cinch

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Related to cinching: saddling

have something cinched

Fig. Inf. to have something settled; to have the results of some act assured. Don't worry. I've got it cinched. You just think you've got it cinched.
See also: cinch, have

It's a (dead) cinch.

Fig. It's a very easy task. (Dead means absolutely.) Tom: Did you figure out how to change the tire? Jane: Yep! It was a cinch. Altering clothes patterns is difficult for me, but for Mary, it's a dead cinch.
See also: cinch

lead-pipe cinch

Fig. something very easy to do; something entirely certain to happen. I knew it was a lead-pie cinch that I would be selected to head the publication committee.
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lead-pipe cinch

A certainty, an assured success. For example, "An engagement ain't always a lead-pipe cinch" (O. Henry, The Sphinx Apple, 1907). This colloquial expression is of disputed origin. It may allude to the cinch that tightly holds a horse's saddle in place, which can make it easier for the rider to succeed in a race; or it may allude to a cinch in plumbing, in which a lead pipe is fastened with a band of steel to another pipe or a fixture, making a very secure joint. [Late 1800s]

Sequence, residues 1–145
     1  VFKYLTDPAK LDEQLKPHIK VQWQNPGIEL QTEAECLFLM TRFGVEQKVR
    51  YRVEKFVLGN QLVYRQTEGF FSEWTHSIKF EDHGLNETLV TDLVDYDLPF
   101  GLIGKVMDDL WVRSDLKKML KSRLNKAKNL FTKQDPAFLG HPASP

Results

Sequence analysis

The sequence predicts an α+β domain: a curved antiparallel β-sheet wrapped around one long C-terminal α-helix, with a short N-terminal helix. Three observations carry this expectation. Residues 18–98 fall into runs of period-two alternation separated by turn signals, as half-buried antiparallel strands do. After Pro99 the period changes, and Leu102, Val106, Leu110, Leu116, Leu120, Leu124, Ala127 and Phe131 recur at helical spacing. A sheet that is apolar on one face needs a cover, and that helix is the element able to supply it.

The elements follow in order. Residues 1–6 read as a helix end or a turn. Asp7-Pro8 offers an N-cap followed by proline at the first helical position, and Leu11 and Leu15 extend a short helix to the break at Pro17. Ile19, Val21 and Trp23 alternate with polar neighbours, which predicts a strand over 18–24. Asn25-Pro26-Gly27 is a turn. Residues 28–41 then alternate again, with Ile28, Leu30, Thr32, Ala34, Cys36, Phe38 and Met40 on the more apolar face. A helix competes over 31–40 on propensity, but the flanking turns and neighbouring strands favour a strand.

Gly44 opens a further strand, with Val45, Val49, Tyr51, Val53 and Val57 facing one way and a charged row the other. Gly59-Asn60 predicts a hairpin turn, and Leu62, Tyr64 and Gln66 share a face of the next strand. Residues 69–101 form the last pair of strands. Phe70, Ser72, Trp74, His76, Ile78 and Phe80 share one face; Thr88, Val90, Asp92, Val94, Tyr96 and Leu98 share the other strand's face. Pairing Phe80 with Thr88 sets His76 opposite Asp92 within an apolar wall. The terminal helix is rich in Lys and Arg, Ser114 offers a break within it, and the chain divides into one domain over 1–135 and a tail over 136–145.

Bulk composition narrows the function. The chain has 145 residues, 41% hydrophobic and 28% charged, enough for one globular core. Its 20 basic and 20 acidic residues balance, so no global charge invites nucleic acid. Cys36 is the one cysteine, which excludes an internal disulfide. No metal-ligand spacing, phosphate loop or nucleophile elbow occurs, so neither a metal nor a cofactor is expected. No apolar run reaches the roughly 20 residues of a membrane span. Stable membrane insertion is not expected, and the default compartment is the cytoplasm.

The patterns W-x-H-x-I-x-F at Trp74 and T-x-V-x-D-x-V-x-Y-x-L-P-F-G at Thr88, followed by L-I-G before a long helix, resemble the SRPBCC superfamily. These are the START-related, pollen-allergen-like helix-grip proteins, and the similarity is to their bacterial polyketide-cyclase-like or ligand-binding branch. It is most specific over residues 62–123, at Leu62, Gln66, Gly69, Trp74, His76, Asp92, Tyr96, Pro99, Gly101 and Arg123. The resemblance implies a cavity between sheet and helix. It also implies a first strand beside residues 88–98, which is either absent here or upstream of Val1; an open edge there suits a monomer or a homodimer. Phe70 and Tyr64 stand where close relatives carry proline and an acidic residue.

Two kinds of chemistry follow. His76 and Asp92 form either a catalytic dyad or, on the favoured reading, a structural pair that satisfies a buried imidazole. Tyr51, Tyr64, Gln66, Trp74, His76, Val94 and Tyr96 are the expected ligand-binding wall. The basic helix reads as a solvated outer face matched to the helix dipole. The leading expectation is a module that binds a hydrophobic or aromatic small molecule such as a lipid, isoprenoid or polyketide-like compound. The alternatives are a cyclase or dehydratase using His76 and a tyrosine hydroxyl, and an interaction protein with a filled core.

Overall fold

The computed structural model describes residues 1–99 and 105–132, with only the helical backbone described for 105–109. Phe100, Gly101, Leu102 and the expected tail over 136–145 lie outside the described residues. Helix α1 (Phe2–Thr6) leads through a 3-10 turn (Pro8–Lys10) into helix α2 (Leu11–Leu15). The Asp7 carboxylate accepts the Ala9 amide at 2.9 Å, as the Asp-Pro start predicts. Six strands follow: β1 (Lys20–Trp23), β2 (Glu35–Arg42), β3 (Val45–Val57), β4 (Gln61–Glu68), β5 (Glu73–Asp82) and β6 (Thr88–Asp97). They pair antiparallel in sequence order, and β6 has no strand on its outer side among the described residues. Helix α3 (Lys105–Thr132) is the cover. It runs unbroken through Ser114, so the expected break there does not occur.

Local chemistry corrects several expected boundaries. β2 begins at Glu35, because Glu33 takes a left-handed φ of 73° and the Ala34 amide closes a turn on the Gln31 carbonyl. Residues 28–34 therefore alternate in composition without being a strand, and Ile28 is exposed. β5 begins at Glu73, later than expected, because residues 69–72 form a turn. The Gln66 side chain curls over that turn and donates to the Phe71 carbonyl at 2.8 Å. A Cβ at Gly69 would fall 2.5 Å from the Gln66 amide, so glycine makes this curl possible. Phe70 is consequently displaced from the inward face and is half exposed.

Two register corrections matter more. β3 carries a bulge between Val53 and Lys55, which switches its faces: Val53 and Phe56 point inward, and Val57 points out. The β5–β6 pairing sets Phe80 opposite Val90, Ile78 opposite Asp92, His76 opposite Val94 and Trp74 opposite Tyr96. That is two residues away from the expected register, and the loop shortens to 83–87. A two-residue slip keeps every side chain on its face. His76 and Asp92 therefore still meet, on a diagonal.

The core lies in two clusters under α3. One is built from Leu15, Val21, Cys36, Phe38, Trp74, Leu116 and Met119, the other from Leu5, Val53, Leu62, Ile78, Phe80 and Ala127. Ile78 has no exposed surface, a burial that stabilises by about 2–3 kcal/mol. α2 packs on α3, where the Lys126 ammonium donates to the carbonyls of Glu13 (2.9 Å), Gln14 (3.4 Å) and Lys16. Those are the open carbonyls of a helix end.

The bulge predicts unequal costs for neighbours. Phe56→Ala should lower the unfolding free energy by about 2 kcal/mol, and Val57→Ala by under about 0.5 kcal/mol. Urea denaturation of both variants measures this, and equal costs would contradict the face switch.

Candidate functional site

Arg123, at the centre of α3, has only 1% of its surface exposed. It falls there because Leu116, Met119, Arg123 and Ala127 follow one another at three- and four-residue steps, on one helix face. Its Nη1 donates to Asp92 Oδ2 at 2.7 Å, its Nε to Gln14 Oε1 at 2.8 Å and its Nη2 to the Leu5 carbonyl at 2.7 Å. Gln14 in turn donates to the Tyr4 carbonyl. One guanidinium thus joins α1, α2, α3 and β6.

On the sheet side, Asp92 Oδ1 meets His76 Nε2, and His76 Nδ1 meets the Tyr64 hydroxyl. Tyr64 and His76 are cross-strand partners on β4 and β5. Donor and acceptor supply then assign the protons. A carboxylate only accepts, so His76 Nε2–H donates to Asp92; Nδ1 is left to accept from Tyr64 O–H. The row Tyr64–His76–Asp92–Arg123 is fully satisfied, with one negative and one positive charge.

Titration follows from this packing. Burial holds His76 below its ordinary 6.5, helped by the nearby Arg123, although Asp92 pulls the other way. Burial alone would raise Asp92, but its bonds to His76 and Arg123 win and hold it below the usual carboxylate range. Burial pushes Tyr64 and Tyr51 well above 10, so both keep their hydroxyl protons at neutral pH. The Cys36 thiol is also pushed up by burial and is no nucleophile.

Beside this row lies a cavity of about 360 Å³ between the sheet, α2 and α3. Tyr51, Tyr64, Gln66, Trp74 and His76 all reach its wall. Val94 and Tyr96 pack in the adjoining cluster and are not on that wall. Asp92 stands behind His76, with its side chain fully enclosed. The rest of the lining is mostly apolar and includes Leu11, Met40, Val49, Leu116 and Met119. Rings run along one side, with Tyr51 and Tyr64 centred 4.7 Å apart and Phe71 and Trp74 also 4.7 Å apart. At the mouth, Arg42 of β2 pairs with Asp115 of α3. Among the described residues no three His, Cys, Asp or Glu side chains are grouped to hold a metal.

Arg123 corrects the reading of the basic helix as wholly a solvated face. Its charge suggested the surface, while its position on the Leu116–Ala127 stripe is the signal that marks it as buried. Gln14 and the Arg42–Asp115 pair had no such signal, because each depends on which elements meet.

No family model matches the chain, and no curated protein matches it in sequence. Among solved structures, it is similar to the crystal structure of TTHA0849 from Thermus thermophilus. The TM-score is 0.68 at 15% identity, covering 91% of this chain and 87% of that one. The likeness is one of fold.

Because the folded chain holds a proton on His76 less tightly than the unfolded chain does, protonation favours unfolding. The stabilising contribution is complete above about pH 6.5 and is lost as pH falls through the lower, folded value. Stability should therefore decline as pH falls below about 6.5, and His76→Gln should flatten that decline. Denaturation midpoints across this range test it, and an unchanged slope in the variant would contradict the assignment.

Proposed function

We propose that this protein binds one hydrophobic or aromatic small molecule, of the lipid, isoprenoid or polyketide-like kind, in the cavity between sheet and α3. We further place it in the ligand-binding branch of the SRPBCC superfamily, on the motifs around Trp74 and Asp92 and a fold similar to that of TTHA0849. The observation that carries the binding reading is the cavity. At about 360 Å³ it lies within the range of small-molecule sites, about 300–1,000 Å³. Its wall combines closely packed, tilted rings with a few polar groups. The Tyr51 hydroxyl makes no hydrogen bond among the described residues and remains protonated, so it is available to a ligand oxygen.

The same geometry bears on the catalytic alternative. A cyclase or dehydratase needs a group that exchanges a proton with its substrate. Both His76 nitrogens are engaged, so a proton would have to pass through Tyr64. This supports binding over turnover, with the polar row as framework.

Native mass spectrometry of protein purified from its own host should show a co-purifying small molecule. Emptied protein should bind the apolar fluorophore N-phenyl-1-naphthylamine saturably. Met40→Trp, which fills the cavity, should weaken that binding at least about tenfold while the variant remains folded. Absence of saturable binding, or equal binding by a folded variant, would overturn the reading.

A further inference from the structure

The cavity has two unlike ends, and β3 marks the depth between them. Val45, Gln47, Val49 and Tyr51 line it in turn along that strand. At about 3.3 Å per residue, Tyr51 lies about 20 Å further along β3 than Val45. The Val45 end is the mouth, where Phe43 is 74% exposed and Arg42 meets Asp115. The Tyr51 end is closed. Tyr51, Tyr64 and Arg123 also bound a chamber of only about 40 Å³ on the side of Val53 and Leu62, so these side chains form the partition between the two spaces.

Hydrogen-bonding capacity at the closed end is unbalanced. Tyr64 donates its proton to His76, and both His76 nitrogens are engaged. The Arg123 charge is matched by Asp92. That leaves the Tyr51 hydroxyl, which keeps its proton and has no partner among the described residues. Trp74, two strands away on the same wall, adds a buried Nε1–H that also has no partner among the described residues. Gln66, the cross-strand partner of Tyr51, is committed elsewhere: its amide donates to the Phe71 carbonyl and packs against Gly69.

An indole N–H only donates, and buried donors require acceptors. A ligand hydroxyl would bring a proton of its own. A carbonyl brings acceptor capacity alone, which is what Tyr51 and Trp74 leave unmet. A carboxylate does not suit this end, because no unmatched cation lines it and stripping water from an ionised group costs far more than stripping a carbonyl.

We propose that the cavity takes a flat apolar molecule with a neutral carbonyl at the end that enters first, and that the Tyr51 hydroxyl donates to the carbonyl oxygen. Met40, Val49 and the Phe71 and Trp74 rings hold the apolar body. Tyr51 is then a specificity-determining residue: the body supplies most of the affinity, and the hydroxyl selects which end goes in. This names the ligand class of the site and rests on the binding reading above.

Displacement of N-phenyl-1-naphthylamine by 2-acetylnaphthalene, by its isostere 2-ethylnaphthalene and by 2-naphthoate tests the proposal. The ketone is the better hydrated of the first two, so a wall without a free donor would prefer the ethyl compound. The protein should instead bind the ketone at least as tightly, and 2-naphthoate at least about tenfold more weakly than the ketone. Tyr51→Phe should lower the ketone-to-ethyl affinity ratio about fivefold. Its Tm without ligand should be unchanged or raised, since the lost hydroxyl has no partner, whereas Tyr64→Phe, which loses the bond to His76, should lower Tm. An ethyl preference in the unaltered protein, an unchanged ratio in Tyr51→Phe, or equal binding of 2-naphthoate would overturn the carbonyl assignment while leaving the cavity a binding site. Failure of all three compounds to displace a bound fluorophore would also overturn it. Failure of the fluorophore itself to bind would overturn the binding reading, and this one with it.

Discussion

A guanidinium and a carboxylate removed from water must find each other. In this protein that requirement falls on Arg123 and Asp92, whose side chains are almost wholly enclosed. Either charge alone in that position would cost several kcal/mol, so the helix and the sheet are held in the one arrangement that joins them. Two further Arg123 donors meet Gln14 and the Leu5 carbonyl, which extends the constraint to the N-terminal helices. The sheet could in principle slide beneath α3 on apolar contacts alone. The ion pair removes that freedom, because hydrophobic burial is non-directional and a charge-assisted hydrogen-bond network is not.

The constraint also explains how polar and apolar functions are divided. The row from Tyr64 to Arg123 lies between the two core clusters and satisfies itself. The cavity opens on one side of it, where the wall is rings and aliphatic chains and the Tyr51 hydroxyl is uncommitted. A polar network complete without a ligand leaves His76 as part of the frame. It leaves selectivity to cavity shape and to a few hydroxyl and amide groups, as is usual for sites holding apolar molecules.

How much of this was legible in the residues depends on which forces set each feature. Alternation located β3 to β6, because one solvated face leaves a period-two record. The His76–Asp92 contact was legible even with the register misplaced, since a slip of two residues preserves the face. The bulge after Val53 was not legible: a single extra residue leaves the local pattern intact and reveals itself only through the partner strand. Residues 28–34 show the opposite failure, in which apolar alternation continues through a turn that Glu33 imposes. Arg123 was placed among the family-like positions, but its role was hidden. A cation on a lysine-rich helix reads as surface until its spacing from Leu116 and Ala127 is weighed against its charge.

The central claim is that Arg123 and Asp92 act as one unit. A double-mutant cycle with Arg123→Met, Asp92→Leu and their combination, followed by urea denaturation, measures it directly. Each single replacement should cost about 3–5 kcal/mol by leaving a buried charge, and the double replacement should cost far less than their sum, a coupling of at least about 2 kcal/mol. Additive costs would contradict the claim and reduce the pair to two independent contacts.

See also: cinch

cinch up

v.
To tighten some drawstring or strap, especially a saddle girth: I cinched up the saddle girth before mounting the horse. I cinched up the hood of my jacket to keep the rain out.
See also: cinch, up

cinch

(sɪntʃ)
1. n. something very easy. No sweat! It was a cinch!
2. tv. to have something settled and secured. It only took a handshake to cinch the deal.

cinched

(sɪntʃt)
mod. settled; secured; sealed (up). (As one tightens the saddle girth on a horse.) I’ve got it cinched! No sweat!
See also: cinch

dead cinch

n. an absolute certainty; an easy thing to do. It’s a dead cinch. I foresee no problems.
See also: cinch, dead

have something cinched

tv. to have something settled; to have the results of some act assured. (see also cinched. Have got can replace have.) You just think you’ve got it cinched.
See also: cinch, have